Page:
Genesee & Wyoming’s Q2 revenue falls, but company beats expectations

Slumping volumes were behind Genesee & Wyoming Inc.’s (GWI) decline in revenue and profit during second-quarter 2016, the company announced yesterday.

Operating revenue fell 7.5 percent to $501.4 million from $542.2 million a year ago. Reported operating income decreased 12.3 percent to $87.2 million; adjusted operating income declined 5.3 percent to $94.4 million.

Reported diluted earnings per common share were down 9.8 percent to 83 cents; adjusted diluted earnings per share remained constant at 93 cents per share, according to a company press release.

GWI reported $48.4 million in net income for the quarter, down from $52.8 million a year ago. Adjusted net income came in at $54 million, compared with $53 million in last year’s second-quarter.

In North America, where GWI earns about 80 percent of its operating income, operating revenue fell 2.1 percent to $304.6 million from $311 million in second-quarter 2015. Reported operating income from the North American operations rose 4.8 percent to $80.8 million.

Also in the second quarter, GWI’s results included $5 million in restructuring costs primarily associated with the company’s U.K./European operations, corporate development and related costs of $2.6 million, and a net gain on the sale of $300,000 in assets. Additionally, the second-quarter 2016 net income includes a $7.2 million income tax benefit associated with the U.S. Short Line Tax Credit, which was not in effect in Q2 2015.

The quarter’s results were “well ahead” of GWI’s outlook, primarily due to the North American operations’ performance, said President and Chief Executive Officer Jack Hellmann.

“Despite a 7 percent decline in North American carloads, favorable revenue mix and effective management of costs led to an improvement in our reported North American operating ratio of 1.3 percentage points to 74.1 percent, and a modest increase in our operating income,” he said.

Meanwhile, GWI’s Australian and U.K./Europe operations were generally in line with expectations, as the company completed a restructuring of its U.K. coal business, Hellmann added.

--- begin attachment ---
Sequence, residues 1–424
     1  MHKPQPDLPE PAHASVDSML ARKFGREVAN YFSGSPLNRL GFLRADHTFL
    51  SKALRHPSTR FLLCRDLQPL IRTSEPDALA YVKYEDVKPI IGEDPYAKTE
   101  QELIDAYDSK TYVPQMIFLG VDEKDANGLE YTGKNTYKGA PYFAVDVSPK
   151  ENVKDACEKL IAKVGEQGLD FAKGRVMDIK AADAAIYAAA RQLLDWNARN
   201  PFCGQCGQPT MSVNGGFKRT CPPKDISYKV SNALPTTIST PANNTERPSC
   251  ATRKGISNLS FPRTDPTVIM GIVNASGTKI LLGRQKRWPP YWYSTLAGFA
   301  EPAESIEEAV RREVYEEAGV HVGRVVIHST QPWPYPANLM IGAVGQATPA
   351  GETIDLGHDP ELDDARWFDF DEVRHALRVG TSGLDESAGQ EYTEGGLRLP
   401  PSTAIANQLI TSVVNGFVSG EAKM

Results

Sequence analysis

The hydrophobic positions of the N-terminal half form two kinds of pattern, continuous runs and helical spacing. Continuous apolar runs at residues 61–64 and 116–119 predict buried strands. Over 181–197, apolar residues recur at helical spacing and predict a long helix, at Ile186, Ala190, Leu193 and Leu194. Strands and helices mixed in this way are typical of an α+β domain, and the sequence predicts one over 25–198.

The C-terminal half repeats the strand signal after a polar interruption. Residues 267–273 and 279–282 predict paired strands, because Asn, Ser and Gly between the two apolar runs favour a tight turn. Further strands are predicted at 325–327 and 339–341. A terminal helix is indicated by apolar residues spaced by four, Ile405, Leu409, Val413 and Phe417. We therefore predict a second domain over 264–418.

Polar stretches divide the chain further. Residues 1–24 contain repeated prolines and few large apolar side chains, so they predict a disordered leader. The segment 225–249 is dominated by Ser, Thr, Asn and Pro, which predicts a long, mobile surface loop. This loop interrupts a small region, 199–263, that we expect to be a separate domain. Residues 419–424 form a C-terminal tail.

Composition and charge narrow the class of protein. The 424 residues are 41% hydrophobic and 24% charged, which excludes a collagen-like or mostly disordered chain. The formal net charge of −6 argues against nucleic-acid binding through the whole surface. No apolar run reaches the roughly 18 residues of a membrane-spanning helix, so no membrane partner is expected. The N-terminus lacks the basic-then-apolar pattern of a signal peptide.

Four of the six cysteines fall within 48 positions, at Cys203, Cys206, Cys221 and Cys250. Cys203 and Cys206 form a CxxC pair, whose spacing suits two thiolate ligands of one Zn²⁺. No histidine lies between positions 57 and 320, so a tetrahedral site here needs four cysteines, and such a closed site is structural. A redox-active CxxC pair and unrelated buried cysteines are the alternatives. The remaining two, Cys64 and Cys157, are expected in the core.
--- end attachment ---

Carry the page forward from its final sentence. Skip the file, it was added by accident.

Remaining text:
“While we are pleased with our second quarter results, our reported diluted EPS declined 10 percent and our adjusted diluted EPS excluding the Short Line Tax Credit declined 13 percent compared to last year,” he continued. “As a result, we remain focused on improving the efficiency of our operations amidst uneven business environments in each of our three segments worldwide.”

Additionally, the economic uncertainty continues to provide acquisition and investment opportunities that the company is “carefully evaluating in multiple geographies within our global footprint,” Hellmann said.

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Traveling by Train For Long Periods

Blog of Things:

MSNposted an article entitled 12 Things You Should Know Before Traveling Across the Country on Amtrak by Macy Williams. The article was a slide show of little little tips about traveling on trains, especially for long stints at a time or overnights. Like the article points out the difference between the sleeper cars. I have not had the opportunity to stay in one as of yet, but hopefully soon. I have always heard good things about the food on trains but have not really tried it other than the M&Ms I bout that one time but I would hardly count that as train food. When my wife and I traveled to Chicago, we saw numerous people bringing their own meals onto the the train in big greasy bags. Which, of you have lived or stays in Kansas City long enough to have a meal that usually means one thing!…

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